There are some 8 million vacant positions which some attribute to the current generous unemployment benefits, to child-care issues, and/or to lingering fears of returning to workplaces during the easing COVID-19 pandemic.
Department of Labor numbers released May 11 showed a record 8.1 million jobs available in the U.S. as of the end of March.
“Employers are looking to hire, but temporary factors are making people a little hesitant to take jobs,” Nick Bunker, an economist at Indeed, told the Wall Street Journal. The growing number of available jobs “shows how difficult it is to turn openings into hires.”
Labor Market on 2 Distinct Trajectories?
Nela Richardson, Chief Economist at ADP, dissected the numbers after the April jobs report and has a theory that the labor market is shifting along two different trajectories.
“On one hand, we still have 8 million workers sidelined by the pandemic. On the other, restaurant owners, manufacturers and other business owners nationwide report struggling to hire. There are 8 million people without jobs, how can these employers not find workers?” Richardson asked.
She continued: “There's something structural going on. The economy may have transitioned and shifted demand away from certain jobs. It could also have to do with the enhanced unemployment benefits. This is good long-term as it means people don't have to accept the very first offer and can pick the job that's right for them. In the short-term, this process could lead to worker supply shortages in certain sectors and industries. Last, there could be a skills mismatch in terms of openings and available workers.”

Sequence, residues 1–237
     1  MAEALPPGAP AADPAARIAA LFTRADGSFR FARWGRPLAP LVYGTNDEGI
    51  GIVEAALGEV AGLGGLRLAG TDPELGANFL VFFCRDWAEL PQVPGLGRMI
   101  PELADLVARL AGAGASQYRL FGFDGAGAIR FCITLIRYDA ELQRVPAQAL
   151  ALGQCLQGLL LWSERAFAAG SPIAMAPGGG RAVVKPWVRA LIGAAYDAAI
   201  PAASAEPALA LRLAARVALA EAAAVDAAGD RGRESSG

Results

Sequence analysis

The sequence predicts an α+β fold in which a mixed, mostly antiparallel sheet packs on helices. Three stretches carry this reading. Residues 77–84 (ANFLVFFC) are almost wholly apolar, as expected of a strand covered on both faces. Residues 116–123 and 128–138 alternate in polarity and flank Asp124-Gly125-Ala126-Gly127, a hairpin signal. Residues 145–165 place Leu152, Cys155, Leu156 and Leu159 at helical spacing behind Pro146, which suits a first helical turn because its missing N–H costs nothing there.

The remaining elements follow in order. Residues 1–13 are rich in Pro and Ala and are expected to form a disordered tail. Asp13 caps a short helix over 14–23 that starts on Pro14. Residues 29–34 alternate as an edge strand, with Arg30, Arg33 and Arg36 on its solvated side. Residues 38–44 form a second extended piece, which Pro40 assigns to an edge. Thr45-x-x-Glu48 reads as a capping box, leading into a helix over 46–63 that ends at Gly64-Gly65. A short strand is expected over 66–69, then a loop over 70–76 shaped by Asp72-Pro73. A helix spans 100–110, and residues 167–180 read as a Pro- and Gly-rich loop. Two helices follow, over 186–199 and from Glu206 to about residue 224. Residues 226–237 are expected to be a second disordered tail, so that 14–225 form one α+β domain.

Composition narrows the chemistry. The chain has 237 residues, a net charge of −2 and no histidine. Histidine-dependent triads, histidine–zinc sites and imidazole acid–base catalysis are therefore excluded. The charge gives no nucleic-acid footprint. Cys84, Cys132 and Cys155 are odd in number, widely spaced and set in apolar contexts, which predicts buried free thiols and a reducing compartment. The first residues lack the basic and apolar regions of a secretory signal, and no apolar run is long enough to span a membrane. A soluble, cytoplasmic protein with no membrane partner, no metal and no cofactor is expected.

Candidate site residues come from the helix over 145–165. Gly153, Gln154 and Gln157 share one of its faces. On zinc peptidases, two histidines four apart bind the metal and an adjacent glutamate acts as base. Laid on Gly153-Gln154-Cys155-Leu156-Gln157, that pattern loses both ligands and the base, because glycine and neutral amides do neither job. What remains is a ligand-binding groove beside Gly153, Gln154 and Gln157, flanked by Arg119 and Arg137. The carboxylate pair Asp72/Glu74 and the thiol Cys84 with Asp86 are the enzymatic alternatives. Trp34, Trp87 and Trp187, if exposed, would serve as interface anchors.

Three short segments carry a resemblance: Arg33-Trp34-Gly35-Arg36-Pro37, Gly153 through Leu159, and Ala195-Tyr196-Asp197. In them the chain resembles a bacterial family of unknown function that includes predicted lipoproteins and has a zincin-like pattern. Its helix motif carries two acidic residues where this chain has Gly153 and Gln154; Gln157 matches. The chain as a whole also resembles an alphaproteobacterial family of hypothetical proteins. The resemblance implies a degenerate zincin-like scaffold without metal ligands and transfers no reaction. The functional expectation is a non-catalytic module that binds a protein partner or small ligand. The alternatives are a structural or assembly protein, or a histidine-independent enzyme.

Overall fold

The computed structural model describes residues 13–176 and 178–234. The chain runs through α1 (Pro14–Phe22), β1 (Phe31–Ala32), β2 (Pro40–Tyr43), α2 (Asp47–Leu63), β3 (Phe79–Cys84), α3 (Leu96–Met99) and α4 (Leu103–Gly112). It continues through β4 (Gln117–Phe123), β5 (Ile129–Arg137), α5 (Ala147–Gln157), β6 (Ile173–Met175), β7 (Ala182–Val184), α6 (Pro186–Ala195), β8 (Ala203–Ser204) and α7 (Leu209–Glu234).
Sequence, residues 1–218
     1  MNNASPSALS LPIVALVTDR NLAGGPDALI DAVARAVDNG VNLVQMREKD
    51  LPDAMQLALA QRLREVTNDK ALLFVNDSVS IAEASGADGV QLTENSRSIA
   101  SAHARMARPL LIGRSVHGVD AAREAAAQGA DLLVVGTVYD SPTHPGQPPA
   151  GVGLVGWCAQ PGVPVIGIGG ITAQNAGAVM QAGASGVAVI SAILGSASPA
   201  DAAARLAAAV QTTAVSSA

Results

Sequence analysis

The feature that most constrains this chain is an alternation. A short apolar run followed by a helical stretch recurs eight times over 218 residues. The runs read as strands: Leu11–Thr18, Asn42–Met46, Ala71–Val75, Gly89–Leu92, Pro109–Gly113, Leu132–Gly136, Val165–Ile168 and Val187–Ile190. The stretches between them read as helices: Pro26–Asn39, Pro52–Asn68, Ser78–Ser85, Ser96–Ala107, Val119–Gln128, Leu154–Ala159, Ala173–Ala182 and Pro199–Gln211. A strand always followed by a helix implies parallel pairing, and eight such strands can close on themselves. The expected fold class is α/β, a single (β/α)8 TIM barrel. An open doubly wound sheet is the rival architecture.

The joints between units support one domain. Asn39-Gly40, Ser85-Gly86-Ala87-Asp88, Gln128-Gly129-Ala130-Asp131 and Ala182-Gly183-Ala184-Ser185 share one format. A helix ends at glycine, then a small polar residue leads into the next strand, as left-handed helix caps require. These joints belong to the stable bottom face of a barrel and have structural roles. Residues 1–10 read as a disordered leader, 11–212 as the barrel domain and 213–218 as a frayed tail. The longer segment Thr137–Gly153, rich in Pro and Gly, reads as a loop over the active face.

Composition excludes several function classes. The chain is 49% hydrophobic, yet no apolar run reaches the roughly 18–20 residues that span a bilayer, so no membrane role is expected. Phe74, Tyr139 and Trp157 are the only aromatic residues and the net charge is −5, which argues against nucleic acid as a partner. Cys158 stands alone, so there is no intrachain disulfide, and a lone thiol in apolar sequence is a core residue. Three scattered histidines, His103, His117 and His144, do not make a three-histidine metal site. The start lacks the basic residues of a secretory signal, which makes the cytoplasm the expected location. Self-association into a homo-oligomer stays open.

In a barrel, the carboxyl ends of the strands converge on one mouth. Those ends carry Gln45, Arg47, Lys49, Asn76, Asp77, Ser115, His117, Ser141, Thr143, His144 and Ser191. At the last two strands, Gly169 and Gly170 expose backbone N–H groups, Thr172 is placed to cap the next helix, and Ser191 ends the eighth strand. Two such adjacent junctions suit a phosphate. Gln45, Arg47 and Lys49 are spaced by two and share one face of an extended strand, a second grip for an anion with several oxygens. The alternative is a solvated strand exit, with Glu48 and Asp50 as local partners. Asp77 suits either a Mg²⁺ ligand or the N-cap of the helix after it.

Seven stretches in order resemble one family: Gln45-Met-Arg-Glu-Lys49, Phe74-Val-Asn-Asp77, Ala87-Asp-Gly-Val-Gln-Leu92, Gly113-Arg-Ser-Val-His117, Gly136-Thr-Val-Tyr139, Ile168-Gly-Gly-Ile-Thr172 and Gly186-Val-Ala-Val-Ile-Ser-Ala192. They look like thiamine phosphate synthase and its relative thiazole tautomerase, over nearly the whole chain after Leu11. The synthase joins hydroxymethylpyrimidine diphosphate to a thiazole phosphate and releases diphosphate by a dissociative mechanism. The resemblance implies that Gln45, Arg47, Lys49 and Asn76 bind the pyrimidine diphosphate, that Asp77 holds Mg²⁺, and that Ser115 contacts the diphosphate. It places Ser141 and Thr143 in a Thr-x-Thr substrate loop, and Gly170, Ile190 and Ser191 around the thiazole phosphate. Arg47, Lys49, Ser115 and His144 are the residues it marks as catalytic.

Behind the May Jobs Report Numbers
The May jobs report released in the first week in June is based on two monthly surveys:
The household survey: measures labor force status, including unemployment, by demographic characteristics.
The establishment survey: measures nonfarm employment, hours, and earnings by industry.